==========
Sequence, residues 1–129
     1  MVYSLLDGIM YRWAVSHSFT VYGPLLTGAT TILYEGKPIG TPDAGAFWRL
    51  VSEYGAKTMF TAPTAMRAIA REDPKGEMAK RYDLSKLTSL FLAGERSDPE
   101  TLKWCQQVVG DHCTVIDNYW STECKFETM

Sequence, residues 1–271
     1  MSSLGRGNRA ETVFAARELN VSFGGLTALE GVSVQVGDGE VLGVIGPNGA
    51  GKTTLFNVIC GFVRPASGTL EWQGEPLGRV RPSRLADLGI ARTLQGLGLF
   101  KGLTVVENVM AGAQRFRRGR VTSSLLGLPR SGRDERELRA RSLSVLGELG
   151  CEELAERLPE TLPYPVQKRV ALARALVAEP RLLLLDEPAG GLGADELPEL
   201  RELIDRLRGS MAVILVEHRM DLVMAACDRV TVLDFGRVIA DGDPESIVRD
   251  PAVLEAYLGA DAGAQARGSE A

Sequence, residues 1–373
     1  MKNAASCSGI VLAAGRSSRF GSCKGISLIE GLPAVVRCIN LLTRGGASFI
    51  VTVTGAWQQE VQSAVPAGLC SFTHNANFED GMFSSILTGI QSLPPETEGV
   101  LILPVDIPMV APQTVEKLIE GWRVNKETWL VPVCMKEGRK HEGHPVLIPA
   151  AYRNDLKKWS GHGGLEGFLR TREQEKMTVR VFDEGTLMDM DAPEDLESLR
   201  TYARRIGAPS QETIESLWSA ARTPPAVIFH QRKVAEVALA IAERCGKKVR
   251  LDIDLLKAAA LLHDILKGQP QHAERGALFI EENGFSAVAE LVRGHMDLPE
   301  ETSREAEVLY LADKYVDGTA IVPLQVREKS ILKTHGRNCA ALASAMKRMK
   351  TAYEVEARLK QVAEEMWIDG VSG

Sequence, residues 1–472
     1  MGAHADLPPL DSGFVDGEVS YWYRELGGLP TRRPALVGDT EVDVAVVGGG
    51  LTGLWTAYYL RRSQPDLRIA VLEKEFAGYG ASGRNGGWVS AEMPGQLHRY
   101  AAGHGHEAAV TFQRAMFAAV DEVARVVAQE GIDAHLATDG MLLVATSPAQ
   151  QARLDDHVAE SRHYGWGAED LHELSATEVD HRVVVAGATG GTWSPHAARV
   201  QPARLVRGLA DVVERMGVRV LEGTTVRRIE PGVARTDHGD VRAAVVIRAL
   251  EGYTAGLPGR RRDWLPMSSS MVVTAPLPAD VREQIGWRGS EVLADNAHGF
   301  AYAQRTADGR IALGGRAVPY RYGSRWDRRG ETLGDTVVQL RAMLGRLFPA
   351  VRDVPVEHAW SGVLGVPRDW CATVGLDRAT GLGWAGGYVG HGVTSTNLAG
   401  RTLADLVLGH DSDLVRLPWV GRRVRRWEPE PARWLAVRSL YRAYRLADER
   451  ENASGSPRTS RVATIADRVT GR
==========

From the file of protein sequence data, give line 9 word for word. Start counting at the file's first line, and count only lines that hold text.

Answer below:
   151  CEELAERLPE TLPYPVQKRV ALARALVAEP RLLLLDEPAG GLGADELPEL